In reviewing the record and the claims, the Federal Circuit noted that both parties agree that “a person of ordinary skill in the field of polyurethane foams knows that a flexible foam and a rigid foam have different chemical structures and are produced from different chemical reactants.”  However, on appeal, the Solicitor argued that such a distinction is not relevant since, “when a rigid foam is mechanically crushed, the chemical bonds are broken and the product is the same as the flexible product of a flexible foam reaction mixture.”  However, the Federal Circuit was unable to find, in the record, where this rejection was previously discussed or what evidentiary support there was for this interpretation.  As such, the Federal Circuit held that the late presentation of this ground of rejection, which is not supported by the record, “was proposed without support or citation, and without opportunity for Buszard to refute it” and was “not sufficiently creditable to warrant further consideration.”

Moreover, the Federal Circuit also found that such an interpretation was contrary to the broadest reasonable interpretation of the claims in light of the specification.  According to the Federal Circuit, “[n]o matter how broadly ‘flexible foam reaction mixture’ is construed, it is not a rigid foam reaction mixture.”  Therefore, the Federal Circuit found the BPAI’s equating of rigid and flexible to be not supported by the record, and reversed the Board’s decision on those grounds.

Significance for Patent Applicants

While the Examiner is generally required to take the broadest reasonable interpretation, it is important to ensure that the Examiner’s interpretation is truly reasonable. Moreover, such interpretations must be supported by the evidence of record, as the Federal Circuit emphasized in In re Buszard. As such, it is possible to challenge the Examiner’s interpretation using the Administrative Procedures Act as in In re Buszard, or by providing counter evidence as to the true meaning to one of ordinary skill in the art.  In either case, an attack on the reasonableness needs to focus on what evidence exists in the record which supports the applicant’s definition in order to prevail against an Examiner’s overly broad interpretation.

Federal Circuit Defines Card in Light of Specification to Exclude Coverage of PDA

In E-Pass Technologies, Inc. v. 3Com Corp. 81 USPQ2d 1385 (Fed. Cir. 2007), E-Pass is the assignee of U.S. Patent No. 5,276,311 (the “‘311 patent”), entitled “Method and Device of Simplifying the Use of a Plurality of Credit Cards, or the Like.”  The object of the invention is to provide a method and device for substituting a single electronic multifunction card for multiple credit cards …to address problems associated with carrying multiple cards, “the user needs, and is required to carry about, [only] a single card.”  On February 28, 2000, E-Pass filed a complaint of patent infringement against 3Com Corporation and Palm, Inc. (collectively, “3Com”).  In the complaint, E-pass accused 3Com of inducing consumers to practice the steps of the patented method on its Palm VII and Palm VIIx personal digital assistant (“PDA”) products.  Continue reading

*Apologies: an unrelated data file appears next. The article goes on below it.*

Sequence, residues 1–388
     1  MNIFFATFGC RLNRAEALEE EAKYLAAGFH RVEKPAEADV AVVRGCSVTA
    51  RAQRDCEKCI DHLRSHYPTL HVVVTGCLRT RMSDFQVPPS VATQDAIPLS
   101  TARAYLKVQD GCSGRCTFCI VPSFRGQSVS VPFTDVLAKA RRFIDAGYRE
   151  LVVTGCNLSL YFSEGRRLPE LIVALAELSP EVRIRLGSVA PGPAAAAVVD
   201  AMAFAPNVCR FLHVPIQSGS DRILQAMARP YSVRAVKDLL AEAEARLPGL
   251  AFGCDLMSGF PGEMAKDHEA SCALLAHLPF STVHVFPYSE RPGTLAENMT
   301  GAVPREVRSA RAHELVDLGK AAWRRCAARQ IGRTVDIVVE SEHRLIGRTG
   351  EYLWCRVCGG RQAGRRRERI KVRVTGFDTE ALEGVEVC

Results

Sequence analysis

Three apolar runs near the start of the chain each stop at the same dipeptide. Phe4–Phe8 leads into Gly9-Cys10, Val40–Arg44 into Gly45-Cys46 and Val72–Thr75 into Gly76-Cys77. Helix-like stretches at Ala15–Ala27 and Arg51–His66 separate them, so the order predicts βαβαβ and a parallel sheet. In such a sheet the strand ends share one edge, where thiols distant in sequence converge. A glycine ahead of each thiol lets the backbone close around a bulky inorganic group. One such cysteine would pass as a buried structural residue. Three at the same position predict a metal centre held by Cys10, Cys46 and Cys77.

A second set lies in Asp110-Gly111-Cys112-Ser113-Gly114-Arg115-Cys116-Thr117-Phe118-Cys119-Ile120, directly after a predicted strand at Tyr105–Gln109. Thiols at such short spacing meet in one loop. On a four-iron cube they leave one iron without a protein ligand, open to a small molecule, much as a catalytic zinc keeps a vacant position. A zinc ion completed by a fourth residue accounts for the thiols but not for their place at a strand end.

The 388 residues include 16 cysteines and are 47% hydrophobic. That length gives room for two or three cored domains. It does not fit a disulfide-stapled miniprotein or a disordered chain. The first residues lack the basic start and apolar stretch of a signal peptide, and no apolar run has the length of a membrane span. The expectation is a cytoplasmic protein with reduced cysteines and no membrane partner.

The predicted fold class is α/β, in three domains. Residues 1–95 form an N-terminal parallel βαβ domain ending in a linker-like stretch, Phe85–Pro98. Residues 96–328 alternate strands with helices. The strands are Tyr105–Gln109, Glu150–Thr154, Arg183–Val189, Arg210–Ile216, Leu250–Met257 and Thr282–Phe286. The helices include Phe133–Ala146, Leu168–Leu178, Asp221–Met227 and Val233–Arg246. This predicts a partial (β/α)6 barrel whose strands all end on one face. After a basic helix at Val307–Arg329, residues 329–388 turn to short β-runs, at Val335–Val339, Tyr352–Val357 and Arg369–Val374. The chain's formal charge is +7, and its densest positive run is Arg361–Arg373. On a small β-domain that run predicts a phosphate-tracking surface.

District Court Uses Extrinsic Evidence to Define URI Since Specification Example Does Not Provide an Alternate Definition

In BEA Systems, Inc. v. Web Balance, Inc., 80 U.S.P.Q.2d 1317 (D.Mass. 2006), after defendant Web Balance, Inc. brought infringement actions against BEA’s corporate clients in Illinois for infringement of U.S. Patent No. 6,128,279 (the  ‘279 patent), BEA’s sought declaratory judgment of non-infringement, invalidity, and unenforceability of the ‘279 patent. The Massachusetts District Court granted BEA’s motion for summary judgment of non-infringement of Web Balance’s patent.

As background, BEA’s “Weblogic” software uses a session ID to track a user’s interaction with a particular website when a user does not allow a cookie to track the user’s usage.  The session ID begins with a semicolon and is appended or inserted into the requested web address of the user—“http://www.zzz.com/app;jsessionid=1234.”